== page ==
Racing Drivers


David Blakely 1929-1955

David Moffat Drummond Blakely’s motor racing career was brief. It only lasted from 1951 to 1955 as it was cut short by his death so we will never know if he could have gone on to greater things. His step-father, Humphrey Cook, encouraged David to try the hotel trade but David’s real interest was motor racing.

David Blakely at Silverstone in 1952 (Filmed by Marie Partridge, of the Pinner Cine Society)

He started racing in club events in 1951 with a lightweight, ex-Le Mans, H.R.G. with which he had some success. The H.R.G. was one of a pair that Len Gibbs of Slades Garage, Penn, had purchased in 1950. Gibbs kept one of them (HXR 530) which he and his wife Bluebelle raced regularly, but sold the second one (HLO 168) to Michael Keen who soon passed it on to David Blakely.  Herbert Druce remembers Michael Keen moved away from Tylers Green after he was involved in an accident at Goodwood, and David Blakely calling at the garage most days, living at The Orchard, only a few yards up Beacon Hil from Slades Garage.

David Blakely at the wheel of his lightweight H.R.G. reg. no. HLO 168 with some of his trophies.

During 1952 Blakely raced it several times at Goodwood and took part in the 8 Clubs Meeting at Silverstone (where Bluebelle Gibbs was also competing) before returning to Goodwood for the 9 Hour Race where he shared the driving with Anthony Findlater finishing 11th.

The two lightweight, ex-Le Mans, H.R.G.s preparing for the 1952 Goodwood 9-Hour race. Blakely and Findlater drove no. 39.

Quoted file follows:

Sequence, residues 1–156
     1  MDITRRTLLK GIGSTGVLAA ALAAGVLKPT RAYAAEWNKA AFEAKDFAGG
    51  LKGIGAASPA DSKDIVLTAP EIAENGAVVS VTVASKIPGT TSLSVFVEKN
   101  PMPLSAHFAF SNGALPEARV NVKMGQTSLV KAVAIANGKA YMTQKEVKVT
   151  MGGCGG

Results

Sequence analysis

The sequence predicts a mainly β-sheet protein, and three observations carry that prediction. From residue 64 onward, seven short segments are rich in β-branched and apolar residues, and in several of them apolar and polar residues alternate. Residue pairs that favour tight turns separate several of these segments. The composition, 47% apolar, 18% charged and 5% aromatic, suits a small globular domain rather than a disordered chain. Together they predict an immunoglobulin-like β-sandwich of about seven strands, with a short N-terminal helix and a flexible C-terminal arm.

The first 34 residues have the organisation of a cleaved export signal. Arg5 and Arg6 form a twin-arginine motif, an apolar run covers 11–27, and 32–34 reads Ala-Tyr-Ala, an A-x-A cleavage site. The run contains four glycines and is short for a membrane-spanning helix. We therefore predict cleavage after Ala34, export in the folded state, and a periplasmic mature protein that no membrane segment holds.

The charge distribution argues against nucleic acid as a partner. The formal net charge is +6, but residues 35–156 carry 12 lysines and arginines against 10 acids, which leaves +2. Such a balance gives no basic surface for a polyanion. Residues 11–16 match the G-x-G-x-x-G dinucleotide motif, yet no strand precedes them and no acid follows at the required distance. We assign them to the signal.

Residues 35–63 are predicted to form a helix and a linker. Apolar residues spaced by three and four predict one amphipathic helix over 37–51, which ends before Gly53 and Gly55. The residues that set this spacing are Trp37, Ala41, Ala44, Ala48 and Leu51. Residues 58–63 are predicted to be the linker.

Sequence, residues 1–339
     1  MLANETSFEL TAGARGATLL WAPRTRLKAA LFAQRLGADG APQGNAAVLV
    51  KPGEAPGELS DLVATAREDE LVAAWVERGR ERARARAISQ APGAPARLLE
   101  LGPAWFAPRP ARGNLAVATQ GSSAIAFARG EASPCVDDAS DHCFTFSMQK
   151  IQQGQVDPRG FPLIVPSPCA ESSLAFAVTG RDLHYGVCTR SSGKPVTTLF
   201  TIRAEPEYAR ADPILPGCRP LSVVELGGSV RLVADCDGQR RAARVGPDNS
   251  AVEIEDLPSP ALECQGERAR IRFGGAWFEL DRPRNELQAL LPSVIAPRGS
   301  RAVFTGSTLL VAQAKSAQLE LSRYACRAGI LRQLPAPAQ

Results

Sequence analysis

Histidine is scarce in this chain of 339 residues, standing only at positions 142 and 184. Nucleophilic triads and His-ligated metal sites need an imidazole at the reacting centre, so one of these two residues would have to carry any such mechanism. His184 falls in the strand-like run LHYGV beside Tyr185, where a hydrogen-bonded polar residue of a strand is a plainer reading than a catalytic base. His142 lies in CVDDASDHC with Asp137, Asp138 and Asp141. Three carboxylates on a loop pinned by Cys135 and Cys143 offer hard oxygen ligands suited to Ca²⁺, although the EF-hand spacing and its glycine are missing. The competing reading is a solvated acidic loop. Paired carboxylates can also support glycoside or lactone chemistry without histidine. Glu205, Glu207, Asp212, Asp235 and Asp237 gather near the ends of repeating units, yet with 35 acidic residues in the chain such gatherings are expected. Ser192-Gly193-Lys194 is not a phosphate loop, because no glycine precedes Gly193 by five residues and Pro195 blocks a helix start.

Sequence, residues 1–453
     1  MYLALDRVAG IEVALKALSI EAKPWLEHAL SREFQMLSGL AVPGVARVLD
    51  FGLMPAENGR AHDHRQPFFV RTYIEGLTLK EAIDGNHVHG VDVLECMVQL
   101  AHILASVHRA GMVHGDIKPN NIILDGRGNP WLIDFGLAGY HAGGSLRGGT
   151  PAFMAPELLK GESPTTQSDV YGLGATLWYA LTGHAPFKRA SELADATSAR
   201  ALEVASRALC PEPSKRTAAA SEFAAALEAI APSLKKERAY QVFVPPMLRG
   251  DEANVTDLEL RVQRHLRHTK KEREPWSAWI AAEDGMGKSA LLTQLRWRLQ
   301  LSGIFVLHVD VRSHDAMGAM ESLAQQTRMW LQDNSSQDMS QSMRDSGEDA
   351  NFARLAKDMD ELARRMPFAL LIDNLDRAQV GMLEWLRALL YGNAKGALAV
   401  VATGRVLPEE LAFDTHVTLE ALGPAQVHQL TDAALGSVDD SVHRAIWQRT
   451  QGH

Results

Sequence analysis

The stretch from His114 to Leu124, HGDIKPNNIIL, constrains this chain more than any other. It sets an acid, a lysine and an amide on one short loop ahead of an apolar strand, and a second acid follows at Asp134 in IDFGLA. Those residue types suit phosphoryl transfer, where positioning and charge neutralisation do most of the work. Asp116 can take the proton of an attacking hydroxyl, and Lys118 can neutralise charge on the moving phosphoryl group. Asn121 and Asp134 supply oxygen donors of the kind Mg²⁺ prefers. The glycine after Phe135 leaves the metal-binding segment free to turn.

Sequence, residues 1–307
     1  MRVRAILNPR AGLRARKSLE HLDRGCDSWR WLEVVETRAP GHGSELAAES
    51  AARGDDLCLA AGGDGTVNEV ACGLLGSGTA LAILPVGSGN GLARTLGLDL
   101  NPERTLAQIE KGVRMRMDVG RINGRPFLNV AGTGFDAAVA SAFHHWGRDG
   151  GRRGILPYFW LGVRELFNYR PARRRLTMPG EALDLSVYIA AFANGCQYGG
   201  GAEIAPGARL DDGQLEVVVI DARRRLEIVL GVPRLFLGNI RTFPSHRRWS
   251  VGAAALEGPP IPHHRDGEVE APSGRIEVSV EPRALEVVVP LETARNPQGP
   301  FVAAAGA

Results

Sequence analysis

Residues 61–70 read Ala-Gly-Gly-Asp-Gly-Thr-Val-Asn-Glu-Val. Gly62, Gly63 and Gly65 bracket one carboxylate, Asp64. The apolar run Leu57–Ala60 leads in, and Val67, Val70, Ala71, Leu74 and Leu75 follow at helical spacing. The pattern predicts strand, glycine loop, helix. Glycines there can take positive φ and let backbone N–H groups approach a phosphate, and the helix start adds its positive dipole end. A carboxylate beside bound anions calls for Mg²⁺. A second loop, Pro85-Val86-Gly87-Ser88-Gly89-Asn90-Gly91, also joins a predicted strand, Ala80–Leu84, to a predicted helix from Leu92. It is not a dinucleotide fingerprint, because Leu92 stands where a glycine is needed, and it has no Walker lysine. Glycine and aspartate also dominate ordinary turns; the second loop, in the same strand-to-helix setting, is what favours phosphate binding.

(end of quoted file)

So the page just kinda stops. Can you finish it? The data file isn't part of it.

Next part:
Also taking part in the 9 Hour race was Len Gibbs with Anthony Heal as co-driver in the other lightweight HRG. A year later Blakeley and Findlater were back at Goodwood for the 1953 9 Hour Race by which time the car had been fitted with an experimental twin-overhead camshaft engine developed by the HRG Works and on loan from them. The car retired with engine problems.

During the year David also started to drive for Lionel Leonard who had built a special bodied sports car with an MG engine in a Trojeiro chassis. The following year he raced this car at Snetterton, Oulton Park and in the sports car race at Silverstone on the day of the 1954 British Grand Prix.

In 1954, he set himself up as a sports car manufacturer with a legacy from his father. He employed Findlater to build a special tubular chassis with Volkswagen front suspension and a De Dion rear axle. The experimental engine from the HRG was fitted into this chassis which was named “The Emperor”. It was intended to offer cars like this for sale but finance was tight, and his step-father Humphrey Cook helped to settle some bills. In the Emperor’s first and last race at Brands Hatch on Boxing Day 1954, Blakely was able to finish in 2nd place.

Blakely racing The Emperor, a car of his own creation, at Brands Hatch on Boxing Day 1954. The tubular chassis designed by Anthony Findlater was powered by a prototype twin-overhead camshaft H.R.G.

He was booked to race at the Goodwood Easter meeting 12th April 1955, two days after his tragic death. He had also been hired by Bristol Motor to drive one of the two factory Bristol 450 sportscars, (based on the ERA G-type Formula Two car of 1952), entered in the 24 Hours of Le Mans, scheduled to be contested in June of that same year, 1955.

How things would have evolved we do not know, as the story came to an abrupt and tragic end when David Blakely was murdered by his girlfriend Ruth Ellis on Easter Sunday, 10 April 1955. He is buried in Penn New Churchyard plot number 48.  His mother Anne lies in the adjacent plot number 30, with her husband Humphrey Cook.

Sources: Ian Dussek, H.R.G. : The Sportsman’s Ideal, Dussek 2010.

© Oliver Heal, September 2021

See also Notable Burials: David Blakely

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